Starry-eyed teenager Camilla Swanson (Allie MacDonald) wants to follow in her mother’s footsteps and become a Broadway diva, but she’s stuck working in the kitchen of a snobby performing arts camp. Determined to change her destiny, she sneaks in to audition for the summer showcase and lands a lead role in the play, but just as rehearsals begin, blood starts to spill, and Camilla soon finds herself terrorized by a bloodthirsty masked killer who despises musical theater.
Starring musical theater veterans Meat Loaf (The Rocky Horror Picture Show) and Minnie Driver (The Phantom of the Opera) STAGE FRIGHT mixes Scream with Glee in this genre-bending R-rated horror-musical from Jerome Sable, award-winning director of the celebrated short film “The Legend of Beaver Dam.”
‘STAGE FRIGHT‘ is Now Available on Video on Demand and Will Release Theatrically on Friday, May 9, 2014.
What are your backgrounds as composers?
Jerome Sable: We’re both from Montreal, and we’ve been friends and collaborators for a long time. We’ve done theater, a lot of the time in small black box theaters, creating weird plays that always involve composing. We both play different musical instruments, and have always tried to incorporate musical comedy elements into our work. Then when I was in film school, I started getting into horror, and that’s when Eli and I said, let’s try to do a movie. We knew it was going to involve a lot of musical comedy. And we decided to mix in horror.
Eli Batalion: At that point we did a short film to kick things off, called “The Legend of Beaver Dam,” which was our initial foray into the whole concept of the rock horror musical. That gave us the confidence to push forward with a feature film that blended those genres, and we were able to find partners to be able to put “Stage Fright” together.
What made you decide that the horror and musical genres would fit well together?
Jerome: People talk as if horror and musicals are such opposites, but they aren’t really. In a musical number, the emotions are boiling over to a tipping point, where the characters can do nothing else but break into song. And in many ways horror movies are like that as well. Someone just reaches an emotional tipping point, and they explode into violence. In both cases, you have this cinematic expression of some internal fantasy.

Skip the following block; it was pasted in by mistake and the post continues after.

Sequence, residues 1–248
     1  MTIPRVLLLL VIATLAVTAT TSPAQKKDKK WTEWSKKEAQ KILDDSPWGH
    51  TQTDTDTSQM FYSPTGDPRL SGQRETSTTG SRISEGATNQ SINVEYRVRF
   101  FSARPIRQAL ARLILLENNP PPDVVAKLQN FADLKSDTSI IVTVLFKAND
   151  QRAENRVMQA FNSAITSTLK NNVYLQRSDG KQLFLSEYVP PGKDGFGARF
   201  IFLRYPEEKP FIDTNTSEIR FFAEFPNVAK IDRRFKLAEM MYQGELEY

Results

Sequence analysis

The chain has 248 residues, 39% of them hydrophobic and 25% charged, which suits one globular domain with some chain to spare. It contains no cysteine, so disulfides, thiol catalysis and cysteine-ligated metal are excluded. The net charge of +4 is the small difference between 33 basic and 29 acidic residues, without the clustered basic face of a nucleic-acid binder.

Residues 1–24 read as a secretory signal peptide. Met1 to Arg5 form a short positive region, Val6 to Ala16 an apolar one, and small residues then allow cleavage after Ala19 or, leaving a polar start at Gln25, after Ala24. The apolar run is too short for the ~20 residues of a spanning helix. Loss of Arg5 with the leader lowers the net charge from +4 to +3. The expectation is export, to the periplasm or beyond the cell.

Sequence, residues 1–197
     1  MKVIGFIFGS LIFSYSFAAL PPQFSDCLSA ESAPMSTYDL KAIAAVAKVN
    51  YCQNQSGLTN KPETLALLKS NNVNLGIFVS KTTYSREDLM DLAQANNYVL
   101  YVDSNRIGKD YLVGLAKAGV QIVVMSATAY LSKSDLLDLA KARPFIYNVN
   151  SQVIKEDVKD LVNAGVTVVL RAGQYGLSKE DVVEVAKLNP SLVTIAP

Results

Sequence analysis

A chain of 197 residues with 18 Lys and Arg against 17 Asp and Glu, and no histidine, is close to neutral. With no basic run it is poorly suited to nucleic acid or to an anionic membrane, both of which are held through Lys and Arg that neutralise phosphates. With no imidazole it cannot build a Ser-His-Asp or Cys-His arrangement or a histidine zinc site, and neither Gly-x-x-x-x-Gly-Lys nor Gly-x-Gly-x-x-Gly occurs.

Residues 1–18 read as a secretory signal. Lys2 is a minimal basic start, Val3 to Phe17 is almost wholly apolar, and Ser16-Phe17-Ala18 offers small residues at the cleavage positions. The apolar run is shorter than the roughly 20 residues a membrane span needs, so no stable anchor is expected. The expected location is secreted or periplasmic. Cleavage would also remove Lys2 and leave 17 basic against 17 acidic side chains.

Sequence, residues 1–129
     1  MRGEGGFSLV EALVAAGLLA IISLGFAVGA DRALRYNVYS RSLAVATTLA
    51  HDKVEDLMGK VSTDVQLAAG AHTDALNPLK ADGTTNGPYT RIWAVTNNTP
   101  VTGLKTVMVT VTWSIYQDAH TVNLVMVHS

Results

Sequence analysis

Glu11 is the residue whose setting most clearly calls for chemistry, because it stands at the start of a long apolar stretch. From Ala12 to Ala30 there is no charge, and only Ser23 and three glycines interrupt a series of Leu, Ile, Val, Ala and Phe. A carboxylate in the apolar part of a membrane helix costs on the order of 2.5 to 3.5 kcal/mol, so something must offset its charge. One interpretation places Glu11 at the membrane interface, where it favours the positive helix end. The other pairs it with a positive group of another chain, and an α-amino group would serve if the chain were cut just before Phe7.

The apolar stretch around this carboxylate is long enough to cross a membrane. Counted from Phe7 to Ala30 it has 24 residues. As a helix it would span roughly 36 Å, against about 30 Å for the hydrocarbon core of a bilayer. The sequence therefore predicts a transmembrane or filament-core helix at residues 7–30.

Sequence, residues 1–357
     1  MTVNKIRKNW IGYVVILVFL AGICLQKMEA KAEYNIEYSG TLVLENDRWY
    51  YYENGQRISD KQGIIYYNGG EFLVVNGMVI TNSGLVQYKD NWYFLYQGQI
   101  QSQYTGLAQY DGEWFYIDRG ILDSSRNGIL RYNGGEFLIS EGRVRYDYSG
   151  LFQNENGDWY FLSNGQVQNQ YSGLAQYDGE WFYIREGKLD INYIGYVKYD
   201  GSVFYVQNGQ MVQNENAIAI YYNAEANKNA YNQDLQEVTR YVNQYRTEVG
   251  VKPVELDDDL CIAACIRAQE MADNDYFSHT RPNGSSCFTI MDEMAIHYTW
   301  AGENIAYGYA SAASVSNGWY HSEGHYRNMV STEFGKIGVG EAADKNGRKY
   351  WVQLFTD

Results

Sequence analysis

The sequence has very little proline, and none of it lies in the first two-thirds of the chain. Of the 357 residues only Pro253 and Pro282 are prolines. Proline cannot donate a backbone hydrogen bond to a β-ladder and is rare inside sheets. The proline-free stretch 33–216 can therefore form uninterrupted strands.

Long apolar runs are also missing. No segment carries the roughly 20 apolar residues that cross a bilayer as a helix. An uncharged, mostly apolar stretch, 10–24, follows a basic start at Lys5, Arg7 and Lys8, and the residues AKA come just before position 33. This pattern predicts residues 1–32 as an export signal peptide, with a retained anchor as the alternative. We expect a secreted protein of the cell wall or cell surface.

Is there something inherently horrific about a theater camp?
Eli: With camp in general, there’s a heightened emotional environment, which is why I think a lot of the classic slasher films take place there. It represents the adolescent experience: Everything is the worst thing ever, or everything is the best thing ever. And it’s just like that at theater camp too.
What were some of your musical influences in this film?
Jerome: Musically, this was a lot of fun, because got to do many different styles. We did the more orchestral, old-school Gilbert and Sullivan and Rogers and Hammerstein-inspired stuff. We were also hugely inspired by Kander and Ebb. But then we also got to do rock stuff, where we basically did our own version of our high school experience: Mixing in AC/DC inspired chord progressions with Axl Rose-inspired vocals, with a pinch of Ozzie [Osbourne].
Did you come up with story and character first and then write the songs, or did you write everything simultaneously?
Jerome: We always start with the story and the characters and then the script. From there we do the lyrics, and then the music. But then what usually what happens is, once we’re doing the music, we’ll decide to change some of the lyrics. And then sometimes that’ll create a domino effect where we’ll realize we want to change something about the story, because of something we realized when we were changing the music.